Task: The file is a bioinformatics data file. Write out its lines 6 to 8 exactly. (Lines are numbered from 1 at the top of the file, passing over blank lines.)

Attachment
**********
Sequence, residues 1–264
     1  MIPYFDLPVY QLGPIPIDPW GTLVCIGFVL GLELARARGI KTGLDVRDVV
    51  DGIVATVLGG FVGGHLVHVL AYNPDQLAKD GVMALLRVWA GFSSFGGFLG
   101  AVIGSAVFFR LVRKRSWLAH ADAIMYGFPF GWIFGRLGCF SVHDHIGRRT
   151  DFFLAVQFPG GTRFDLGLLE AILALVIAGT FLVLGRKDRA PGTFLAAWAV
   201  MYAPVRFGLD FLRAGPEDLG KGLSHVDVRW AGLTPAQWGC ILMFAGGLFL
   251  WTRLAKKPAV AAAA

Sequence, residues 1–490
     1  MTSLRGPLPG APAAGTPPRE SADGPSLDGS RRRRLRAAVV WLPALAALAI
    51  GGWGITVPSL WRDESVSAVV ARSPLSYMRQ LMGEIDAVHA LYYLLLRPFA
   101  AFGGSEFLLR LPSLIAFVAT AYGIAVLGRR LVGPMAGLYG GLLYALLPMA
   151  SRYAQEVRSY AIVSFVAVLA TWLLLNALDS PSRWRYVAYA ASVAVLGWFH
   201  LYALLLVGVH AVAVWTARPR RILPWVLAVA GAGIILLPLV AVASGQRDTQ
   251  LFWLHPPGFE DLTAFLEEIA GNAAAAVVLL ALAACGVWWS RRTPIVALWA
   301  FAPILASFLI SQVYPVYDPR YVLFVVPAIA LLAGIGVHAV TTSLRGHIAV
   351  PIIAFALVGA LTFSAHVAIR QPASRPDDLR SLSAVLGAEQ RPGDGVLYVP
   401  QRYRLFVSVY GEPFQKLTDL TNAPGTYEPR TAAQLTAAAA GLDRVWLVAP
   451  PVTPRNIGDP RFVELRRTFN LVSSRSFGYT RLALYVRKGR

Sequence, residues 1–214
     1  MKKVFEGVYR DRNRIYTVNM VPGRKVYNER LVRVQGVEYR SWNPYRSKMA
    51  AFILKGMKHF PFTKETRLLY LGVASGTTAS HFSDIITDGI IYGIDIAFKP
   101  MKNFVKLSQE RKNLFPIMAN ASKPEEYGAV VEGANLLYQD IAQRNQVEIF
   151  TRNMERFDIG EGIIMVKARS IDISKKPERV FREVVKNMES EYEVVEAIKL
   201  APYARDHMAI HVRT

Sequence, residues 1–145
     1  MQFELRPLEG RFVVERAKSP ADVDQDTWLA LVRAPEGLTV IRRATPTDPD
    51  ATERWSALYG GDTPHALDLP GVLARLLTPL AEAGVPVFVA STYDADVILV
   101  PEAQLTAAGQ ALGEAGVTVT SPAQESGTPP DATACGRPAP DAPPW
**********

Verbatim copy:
   201  MYAPVRFGLD FLRAGPEDLG KGLSHVDVRW AGLTPAQWGC ILMFAGGLFL
   251  WTRLAKKPAV AAAA

Sequence, residues 1–490